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Dice-K turned in a nice tune-up last night.  Six innings, two runs on five hits, three walks, seven strikeouts, and that’s not bad for a fourth postseason starter.  I was disappointed that he threw 104 pitches in only six innings; usually a total like that should be getting you well into the seventh.  But he’s made great progress and, with a solid relief corps, we’ll be okay.  Wagner, Ramirez, Bard, and Saito combined for three shutout innings.  It took Ramirez two hits and twenty-four pitches to turn in an inning of work, so my guess is Tito probably won’t be going to him first and foremost in October.

6-2 was the final score.  RBIs for Pedroia, Bay, and V-Mart; Youk had two.  Ellsbury doubled, stole, and got caught.  He has sixty-nine steals on the season and will probably end up with at least seventy before it’s over.  He’s only been caught twelve times.  Sixty-nine SBs and twelve CSs.  You can’t get much better than that.  V-Mart went two for four.  Youk doubled and made a fielding error.  No, seriously.  Bay went two for four with a double.  Tek doubled.  No, seriously.  Baldelli made a nice sliding catch in the second to put away Travis Hafner.

I have some bad news, though.  Gonzalez was plunked on the right wrist with a fastball in the eighth and had to leave.  He’ll go for x-rays today.  Baldelli strained his left hip flexor while running out a grounder in the fourth and had to leave.  Make no mistake: we can not afford to lose Gonzalez.  Not now.  Somehow, he’s gotten his hitting together in 2006, and we need him in there.  Especially when you consider the alternatives; Jed Lowrie and Nick Green both have health issues already.  As for Baldelli, we need him to be available during starts by lefties.  So this is not good.

John Farrell has stated publicly that is completely focused on and committed to the Red Sox.  He won’t be becoming the Tribe’s manager when he has a World Series win on the line.

Two more games and then we’re done.  Aaron Laffey and Josh Beckett will match up tonight.  This is an important start because this is Beckett’s first start since receiving cortisone in his back.  So much like Lester, we’ll need to make sure he’s good to go.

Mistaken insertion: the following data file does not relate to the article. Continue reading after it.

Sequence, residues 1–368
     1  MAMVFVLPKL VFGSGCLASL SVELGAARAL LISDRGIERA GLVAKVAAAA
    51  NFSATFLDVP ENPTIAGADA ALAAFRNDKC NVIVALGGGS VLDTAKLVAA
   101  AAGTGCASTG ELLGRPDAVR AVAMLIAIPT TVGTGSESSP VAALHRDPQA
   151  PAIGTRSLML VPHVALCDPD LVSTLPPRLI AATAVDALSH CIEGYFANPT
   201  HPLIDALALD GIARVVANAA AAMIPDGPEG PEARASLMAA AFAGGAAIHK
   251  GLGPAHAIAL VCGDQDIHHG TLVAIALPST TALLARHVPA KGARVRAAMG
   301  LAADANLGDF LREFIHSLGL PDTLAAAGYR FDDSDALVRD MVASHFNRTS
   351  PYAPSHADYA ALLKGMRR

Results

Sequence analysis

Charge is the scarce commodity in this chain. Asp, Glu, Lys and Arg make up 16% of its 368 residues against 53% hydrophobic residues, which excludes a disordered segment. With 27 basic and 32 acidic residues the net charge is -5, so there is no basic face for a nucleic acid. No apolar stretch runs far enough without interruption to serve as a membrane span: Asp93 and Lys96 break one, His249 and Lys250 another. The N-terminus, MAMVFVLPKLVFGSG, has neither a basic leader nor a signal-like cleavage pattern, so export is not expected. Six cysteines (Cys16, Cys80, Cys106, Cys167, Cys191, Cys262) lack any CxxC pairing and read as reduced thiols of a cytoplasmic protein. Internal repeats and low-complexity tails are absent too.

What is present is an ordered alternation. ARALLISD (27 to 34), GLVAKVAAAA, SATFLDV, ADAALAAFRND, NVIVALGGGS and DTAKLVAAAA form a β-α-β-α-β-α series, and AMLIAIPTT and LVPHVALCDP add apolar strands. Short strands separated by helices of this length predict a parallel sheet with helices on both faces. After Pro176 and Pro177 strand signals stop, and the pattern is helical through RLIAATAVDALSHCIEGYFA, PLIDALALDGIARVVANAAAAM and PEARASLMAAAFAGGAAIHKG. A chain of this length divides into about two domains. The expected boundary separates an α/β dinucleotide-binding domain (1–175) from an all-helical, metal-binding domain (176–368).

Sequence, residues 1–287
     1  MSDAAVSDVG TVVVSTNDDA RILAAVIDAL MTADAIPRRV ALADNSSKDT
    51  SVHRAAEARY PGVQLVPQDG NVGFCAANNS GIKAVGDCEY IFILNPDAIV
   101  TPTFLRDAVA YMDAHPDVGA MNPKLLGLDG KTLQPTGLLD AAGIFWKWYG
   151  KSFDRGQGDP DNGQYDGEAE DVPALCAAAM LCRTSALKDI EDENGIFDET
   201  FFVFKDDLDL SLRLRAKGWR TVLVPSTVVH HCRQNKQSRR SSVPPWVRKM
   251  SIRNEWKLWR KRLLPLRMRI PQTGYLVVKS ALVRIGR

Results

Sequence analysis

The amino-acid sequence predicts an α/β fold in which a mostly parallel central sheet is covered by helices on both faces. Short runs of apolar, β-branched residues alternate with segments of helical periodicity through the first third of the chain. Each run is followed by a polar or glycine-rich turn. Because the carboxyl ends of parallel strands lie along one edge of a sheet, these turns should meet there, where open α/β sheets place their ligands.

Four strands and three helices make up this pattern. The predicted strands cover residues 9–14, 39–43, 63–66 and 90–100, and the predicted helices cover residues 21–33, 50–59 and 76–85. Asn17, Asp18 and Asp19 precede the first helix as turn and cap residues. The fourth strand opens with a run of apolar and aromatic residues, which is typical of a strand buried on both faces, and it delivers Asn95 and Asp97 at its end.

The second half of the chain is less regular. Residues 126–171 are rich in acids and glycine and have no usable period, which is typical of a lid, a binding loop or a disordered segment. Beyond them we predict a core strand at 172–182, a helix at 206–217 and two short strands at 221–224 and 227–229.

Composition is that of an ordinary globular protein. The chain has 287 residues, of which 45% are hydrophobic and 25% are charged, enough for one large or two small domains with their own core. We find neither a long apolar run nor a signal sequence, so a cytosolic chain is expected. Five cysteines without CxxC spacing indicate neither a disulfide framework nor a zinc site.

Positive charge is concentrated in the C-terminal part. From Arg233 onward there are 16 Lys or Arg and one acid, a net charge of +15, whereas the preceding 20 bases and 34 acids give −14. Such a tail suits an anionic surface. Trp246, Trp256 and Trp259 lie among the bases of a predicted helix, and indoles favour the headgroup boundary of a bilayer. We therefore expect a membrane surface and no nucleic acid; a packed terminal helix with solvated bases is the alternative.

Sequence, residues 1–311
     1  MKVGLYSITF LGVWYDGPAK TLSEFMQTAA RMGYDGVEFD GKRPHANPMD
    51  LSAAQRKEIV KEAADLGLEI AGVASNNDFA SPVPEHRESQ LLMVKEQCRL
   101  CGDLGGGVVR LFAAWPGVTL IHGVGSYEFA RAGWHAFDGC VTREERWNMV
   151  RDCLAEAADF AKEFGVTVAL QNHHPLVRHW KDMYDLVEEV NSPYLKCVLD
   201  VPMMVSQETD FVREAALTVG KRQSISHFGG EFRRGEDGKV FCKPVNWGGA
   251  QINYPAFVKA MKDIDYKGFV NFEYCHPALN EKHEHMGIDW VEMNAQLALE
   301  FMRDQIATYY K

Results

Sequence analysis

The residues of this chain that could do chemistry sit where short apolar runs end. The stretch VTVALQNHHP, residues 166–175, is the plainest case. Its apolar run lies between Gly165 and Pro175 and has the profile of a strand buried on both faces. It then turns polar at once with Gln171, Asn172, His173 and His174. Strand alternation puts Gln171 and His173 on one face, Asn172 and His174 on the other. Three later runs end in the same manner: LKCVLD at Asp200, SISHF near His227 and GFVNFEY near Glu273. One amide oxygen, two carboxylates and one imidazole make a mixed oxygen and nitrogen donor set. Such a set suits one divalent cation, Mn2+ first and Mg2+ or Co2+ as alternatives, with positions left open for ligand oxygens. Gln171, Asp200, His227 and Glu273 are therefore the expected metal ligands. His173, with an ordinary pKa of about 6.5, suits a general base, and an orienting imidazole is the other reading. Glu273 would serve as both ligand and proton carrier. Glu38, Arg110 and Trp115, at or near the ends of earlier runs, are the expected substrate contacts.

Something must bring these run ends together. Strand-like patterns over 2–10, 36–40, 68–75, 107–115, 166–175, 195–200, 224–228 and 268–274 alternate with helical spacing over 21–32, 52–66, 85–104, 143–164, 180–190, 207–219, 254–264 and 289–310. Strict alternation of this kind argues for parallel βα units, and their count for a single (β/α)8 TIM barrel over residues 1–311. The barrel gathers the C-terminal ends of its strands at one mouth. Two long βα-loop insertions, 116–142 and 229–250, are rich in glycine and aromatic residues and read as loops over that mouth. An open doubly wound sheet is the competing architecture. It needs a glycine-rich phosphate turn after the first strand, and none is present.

In other news, the Bruins take on the Hurricanes tonight at home.  Let’s get it right this time.

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That’s better.  Much better.  See, this is how games with Kansas City are supposed to result.  What should have been a sweep will now be a series split if we’re lucky, but at least they can’t sweep us.  That would have been terrible.  Beckett pitched last night.  Luke Hochevar had no chance.

V-Mart caught Beckett for the second time, and I have to say it went pretty well.  Not the best, but it went well.  Beckett pitched six, gave up two runs on twelve hits, walked one, and struck out seven.  The twelve hits is what concerns me, and I think a number like that does reflect, at least a little bit, the catcher’s role in the game.  Somebody is calling those pitches.  The pitcher can shake him off, but not for every call, and I still don’t know if I’m one hundred percent sure that V-Mart’s bat is worth it.  Knowing Beckett, when he gets into playoff mode, there’s very little chance that we’ll actually need those few extra runs.

On the other hand, Beckett did only relinquish two runs, so who knows? Between now and the start of the playoffs, maybe they’ll really work it out.  Here’s the breakdown of the twelve hits.  Two were infield.  Six were grounders through holes.  One was a pop-up that dropped.  One was lined softly.  And two were really hard-hit: Yuniesky Betancourt’s triple and Billy Butler’s single in the fourth.  So we’re mostly talking about soft contacts that got lucky, and those decrease with time and experience.

With yesterday’s game, Beckett further passed the two-hundred-inning mark for the third time in four seasons.  This season alone, he’s pitched just over 207 innings, surpassing his personal best of 204 in 2006, his first year here.

Okajima, Wagner, and Papelbon were solid.  Between the three of them, three shutout innings with two walks and three strikesouts.  This was Paps’s first outing since September 18, and it looks like the extra rest was just what the doctor ordered.

And now, the 9 in the final score of 9-2.  It was absolutely fantastic; a complete and total onslaught of all that is the Kansas City Royals.  The best part? This wasn’t us one-upping them, or two-upping them, or three-upping them.  No.  This was dominance.  We seven-upped the Royals, sent a message, and exacted revenge for the first two losses, especially for that five-run first with our six-run fifth.  Maybe I’m getting a little carried away, but it was still really fun to watch.

Ellsbury tripled in two runs.  Pedroia went two for three with two runs and an RBI, and he is having himself quite the September.  Since September 7, he’s batted .357 with four doubles, three home runs, ten runs, and seven RBIs to go with a .419 on-base percentage.  During that stretch, he’s also had a fourteen-game hitting streak and six multi-hit games.  He usually does well in September, batting .290 in the month in his career, so it looks like he’s right on schedule.  By the way, he’s fourth in the Majors and second in the American League in runs scored.  Bay batted in two and walked twice.  Big Papi went two for four with four (count ’em: four!) RBIs! Three of which came on an extremely Papi-esque swing for the fences that ended up putting the ball somewhere beyond the left center field fence.  Drew went two for three with two walks.  And Gonzalez went two for five with a double.